Thompson appealed, contending that the superior court misinterpreted the USAA policies. The Supreme Court of Alaska affirmed the lower court’s decision, however.
The Supreme Court of Alaska first approached the language of USAA’s aircraft exclusion from the perspective of the “reasonable expectations of the lay insured.” In doing so, it held that the policy’s exclusion of coverage for injuries arising out of the ownership or maintenance of an aircraft applied. “Regardless of whether the Piper was an airplane or a collection of airplane ‘parts’ when it injured Thompson,” Justice Henderson wrote, “the injury arose out of Mrzena’s ownership.” As such, given the clear language of the policy exclusion, “it would be unreasonable to limit the scope of the aircraft exclusion to accidents occurring only while the aircraft is fully assembled and operable.” The Supreme Court of Alaska also found this conclusion consistent with other of its precedents holding that a reasonable person interpreting broad exclusions for ownership, maintenance and use would understand that an aircraft exclusion was intended to create “broad exclusions” for incidents involving a homeowner’s airplane.
In this respect, the Supreme Court of Alaska was not persuaded by Thompson’s argument that the USAA policy’s separate provisions on property damage demonstrated that “USAA knew how to distinguish . . . ‘parts’” from a thing itself and that this narrowed the exclusion of coverage for personal injuries arising out of the ownership or maintenance of an aircraft.” Rather, the Thompson court observed that the property section stated that the policy did not cover “motor vehicle(s)” including but not limited to” ‘aircraft’ and parts.” As such, the property section involved damage to things, not bodily injury and “crucially, the property section [did] not use ‘arising out of’ language in describing coverage, or exclusions from coverage, for property damage. Adopting Thompson’s reasoning would disregard important differences in the language of the separate sections of the policy[,]” therefore.
Thompson also failed to persuade the Supreme Court of Alaska that the Piper was not an “actual aircraft” and became mere “aircraft parts” prior to her injury. For this position, Thompson relied upon Dinocenzo v. Aitken, an Arizona decision applying Alaska law, which deemed a fuselage described as an “inert hulk kept as a source of spare parts” in the Arizona desert not to be an airplane because it could no longer fly. 827 P.2d 478 (Ariz. App. 1991).
Dinocenzo was readily distinguishable, however. First, having determined that Thompson’s injuries “arose out of” Mrzena’s ownership of the Piper,” the Supreme Court of Alaska had no need to determine whether the Piper was an aircraft or mere “parts” at the time of injury. Second, the relevant USAA policies defined “aircraft” as “any conveyance used or designed for flight …” whereas the Dinocenzo court used a dictionary definition of “aircraft” as a machine “capable of flight.” (The Thompson court also distinguished Dinocenzo in that the fuselage there was a bare “carcass” in the Arizona desert with no engine or instruments, whereas the Piper at issue only had three components missing, with all other components intact, including the engine, propeller, flight controls, other internal components, cockpit, seats, doors, landing gear, brakes and partial tail assembly. And while the Dinocenzo fuselage was used merely as a source of spare parts, the Piper was neither abandoned nor beyond repair; Mrzena testified that he removed the wings, tail rudder and elevator temporarily to repair them and began the process of re-covering each part in fabric.)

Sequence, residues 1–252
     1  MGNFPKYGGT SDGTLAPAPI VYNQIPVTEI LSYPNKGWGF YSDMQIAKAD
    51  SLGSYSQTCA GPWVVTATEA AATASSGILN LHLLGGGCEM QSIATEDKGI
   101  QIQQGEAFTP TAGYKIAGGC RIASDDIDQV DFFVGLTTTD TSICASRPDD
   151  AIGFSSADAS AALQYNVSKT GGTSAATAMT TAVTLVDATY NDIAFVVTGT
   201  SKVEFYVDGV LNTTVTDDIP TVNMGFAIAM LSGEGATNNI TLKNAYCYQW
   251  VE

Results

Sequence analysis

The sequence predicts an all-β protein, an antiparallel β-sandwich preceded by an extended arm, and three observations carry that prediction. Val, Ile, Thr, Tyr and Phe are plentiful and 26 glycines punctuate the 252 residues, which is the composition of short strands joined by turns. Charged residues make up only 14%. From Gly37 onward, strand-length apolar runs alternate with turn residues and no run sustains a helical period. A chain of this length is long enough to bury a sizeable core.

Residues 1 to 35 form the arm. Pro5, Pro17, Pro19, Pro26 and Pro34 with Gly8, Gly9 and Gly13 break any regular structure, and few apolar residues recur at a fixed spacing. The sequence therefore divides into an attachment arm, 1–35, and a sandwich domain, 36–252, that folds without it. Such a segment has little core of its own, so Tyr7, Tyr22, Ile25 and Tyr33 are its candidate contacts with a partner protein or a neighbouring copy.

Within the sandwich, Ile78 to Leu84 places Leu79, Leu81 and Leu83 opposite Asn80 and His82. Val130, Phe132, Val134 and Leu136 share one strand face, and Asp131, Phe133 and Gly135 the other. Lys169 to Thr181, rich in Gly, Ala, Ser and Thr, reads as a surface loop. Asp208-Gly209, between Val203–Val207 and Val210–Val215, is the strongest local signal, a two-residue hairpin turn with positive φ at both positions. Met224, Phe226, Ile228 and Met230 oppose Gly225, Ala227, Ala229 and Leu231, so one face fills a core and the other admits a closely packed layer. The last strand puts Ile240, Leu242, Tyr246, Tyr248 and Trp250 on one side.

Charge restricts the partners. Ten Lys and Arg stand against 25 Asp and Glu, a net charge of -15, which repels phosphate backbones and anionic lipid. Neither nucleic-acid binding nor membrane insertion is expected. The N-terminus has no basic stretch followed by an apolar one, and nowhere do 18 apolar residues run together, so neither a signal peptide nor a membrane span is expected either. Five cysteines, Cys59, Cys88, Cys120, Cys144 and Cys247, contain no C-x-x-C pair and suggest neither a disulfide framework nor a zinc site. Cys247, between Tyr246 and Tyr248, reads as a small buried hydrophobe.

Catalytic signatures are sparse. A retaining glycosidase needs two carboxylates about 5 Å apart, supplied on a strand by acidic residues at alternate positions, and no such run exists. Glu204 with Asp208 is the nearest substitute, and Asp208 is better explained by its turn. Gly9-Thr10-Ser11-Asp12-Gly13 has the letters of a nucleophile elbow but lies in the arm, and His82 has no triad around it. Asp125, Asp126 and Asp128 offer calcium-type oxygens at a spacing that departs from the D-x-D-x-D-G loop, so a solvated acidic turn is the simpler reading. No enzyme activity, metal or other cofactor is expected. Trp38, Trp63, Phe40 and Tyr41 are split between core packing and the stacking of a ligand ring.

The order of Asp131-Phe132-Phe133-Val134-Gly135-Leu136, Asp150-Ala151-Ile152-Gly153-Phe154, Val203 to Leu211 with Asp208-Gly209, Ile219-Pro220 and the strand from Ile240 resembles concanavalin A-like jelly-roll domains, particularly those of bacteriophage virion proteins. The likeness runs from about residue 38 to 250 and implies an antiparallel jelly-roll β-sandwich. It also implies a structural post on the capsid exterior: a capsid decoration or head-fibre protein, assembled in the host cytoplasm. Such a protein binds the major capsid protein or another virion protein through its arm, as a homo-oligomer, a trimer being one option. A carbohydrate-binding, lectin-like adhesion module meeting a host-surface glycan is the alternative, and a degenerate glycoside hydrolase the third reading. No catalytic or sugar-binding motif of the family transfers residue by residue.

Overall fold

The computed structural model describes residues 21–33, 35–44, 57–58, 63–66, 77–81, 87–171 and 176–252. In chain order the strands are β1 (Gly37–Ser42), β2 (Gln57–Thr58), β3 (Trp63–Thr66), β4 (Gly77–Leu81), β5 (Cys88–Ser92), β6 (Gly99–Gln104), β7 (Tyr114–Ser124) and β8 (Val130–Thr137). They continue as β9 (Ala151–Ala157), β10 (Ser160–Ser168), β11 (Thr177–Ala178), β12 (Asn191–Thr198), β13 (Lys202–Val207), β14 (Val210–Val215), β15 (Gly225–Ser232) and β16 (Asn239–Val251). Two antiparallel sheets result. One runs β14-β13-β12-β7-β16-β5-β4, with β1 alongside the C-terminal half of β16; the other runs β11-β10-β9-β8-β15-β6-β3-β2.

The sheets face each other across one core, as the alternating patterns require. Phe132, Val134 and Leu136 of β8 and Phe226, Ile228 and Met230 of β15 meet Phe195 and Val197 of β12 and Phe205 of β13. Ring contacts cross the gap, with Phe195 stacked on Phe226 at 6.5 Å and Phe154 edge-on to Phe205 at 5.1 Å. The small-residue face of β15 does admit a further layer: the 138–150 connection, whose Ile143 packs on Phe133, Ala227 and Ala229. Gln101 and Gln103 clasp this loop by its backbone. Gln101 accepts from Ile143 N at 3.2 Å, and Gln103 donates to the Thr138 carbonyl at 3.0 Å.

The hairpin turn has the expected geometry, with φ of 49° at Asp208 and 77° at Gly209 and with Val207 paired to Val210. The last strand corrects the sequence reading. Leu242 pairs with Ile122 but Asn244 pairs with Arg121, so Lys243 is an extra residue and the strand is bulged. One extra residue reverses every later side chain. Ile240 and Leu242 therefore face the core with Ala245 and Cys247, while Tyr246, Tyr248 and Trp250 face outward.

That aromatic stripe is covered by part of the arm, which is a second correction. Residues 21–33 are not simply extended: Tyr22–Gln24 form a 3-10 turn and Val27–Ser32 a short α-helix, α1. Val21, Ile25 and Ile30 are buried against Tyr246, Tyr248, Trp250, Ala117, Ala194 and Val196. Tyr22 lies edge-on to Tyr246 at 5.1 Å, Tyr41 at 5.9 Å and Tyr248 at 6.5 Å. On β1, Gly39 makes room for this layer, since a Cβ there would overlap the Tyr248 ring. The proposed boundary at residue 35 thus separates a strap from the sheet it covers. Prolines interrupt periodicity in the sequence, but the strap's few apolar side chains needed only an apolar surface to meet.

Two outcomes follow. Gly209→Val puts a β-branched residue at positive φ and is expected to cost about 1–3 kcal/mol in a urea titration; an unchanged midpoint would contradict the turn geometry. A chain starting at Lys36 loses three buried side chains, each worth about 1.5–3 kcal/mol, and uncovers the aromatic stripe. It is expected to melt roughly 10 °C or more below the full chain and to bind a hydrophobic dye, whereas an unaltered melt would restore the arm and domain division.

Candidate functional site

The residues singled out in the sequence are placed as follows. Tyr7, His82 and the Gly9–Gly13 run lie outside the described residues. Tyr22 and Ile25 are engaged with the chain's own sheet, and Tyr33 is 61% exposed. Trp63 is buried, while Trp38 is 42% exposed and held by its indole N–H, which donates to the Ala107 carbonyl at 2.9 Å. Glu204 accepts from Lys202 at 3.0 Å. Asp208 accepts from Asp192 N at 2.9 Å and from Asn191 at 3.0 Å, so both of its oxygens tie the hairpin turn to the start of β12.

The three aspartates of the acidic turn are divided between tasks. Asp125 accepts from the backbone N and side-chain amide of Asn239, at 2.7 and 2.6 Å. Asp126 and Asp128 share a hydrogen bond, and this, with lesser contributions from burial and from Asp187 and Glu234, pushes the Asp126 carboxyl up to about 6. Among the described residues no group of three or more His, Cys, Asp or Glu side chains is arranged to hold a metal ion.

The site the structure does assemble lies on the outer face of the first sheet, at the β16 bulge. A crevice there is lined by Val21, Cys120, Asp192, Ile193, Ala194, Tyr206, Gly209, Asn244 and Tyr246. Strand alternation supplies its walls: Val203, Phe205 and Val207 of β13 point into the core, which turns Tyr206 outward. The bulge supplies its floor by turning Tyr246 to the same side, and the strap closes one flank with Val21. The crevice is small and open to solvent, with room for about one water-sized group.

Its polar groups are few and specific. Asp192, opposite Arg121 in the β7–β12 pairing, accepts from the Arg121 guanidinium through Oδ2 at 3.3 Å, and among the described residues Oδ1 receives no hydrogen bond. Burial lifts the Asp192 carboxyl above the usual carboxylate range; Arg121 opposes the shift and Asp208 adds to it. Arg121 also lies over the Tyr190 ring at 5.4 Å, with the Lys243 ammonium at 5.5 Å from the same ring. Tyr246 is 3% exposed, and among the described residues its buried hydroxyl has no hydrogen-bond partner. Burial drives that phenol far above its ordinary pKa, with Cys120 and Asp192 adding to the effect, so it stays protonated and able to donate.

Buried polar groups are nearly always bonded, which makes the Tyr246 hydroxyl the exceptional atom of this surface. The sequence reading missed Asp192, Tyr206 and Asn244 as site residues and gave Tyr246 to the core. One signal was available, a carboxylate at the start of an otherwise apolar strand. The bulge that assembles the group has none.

In the final analysis, though the conclusion that a fuselage without wings, elevators or a tail rudder is an airplane may seem unexpected or confounding from a practical perspective, Thompson animates enduring principles of insurance law, including that courts construe insurance policies to honor a lay insured’s reasonable expectations, that liability of an insurer is determined by reference to the language, and that policy language is construed in accordance with ordinary and customary usage.
About Timothy M. Ravich
Timothy M. Ravich concentrates his practice in the areas of aviation, product and general civil litigation. Recognized as one of only 50 lawyers qualified as a Board-Certified Expert in the area of aviation law, Tim specializes in transactional and regulatory matters related to the ownership, maintenance and utilization of aircraft, airports and airspace. Click here to read Tim's full attorney biography.